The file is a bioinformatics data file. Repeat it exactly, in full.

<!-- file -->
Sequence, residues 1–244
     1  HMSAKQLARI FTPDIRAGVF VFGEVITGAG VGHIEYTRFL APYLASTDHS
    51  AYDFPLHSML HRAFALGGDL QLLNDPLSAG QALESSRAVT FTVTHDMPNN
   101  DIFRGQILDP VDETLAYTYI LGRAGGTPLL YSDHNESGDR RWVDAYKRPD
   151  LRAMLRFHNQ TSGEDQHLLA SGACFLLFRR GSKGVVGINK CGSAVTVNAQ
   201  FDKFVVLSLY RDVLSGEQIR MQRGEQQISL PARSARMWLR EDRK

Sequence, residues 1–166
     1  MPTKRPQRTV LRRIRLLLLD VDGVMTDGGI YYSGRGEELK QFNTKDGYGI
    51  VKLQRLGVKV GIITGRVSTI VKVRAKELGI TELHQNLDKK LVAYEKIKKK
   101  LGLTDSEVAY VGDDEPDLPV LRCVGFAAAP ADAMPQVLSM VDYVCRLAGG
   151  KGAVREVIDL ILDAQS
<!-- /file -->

Sequence, residues 1–244
     1  HMSAKQLARI FTPDIRAGVF VFGEVITGAG VGHIEYTRFL APYLASTDHS
    51  AYDFPLHSML HRAFALGGDL QLLNDPLSAG QALESSRAVT FTVTHDMPNN
   101  DIFRGQILDP VDETLAYTYI LGRAGGTPLL YSDHNESGDR RWVDAYKRPD
   151  LRAMLRFHNQ TSGEDQHLLA SGACFLLFRR GSKGVVGINK CGSAVTVNAQ
   201  FDKFVVLSLY RDVLSGEQIR MQRGEQQISL PARSARMWLR EDRK

Sequence, residues 1–166
     1  MPTKRPQRTV LRRIRLLLLD VDGVMTDGGI YYSGRGEELK QFNTKDGYGI
    51  VKLQRLGVKV GIITGRVSTI VKVRAKELGI TELHQNLDKK LVAYEKIKKK
   101  LGLTDSEVAY VGDDEPDLPV LRCVGFAAAP ADAMPQVLSM VDYVCRLAGG
   151  KGAVREVIDL ILDAQS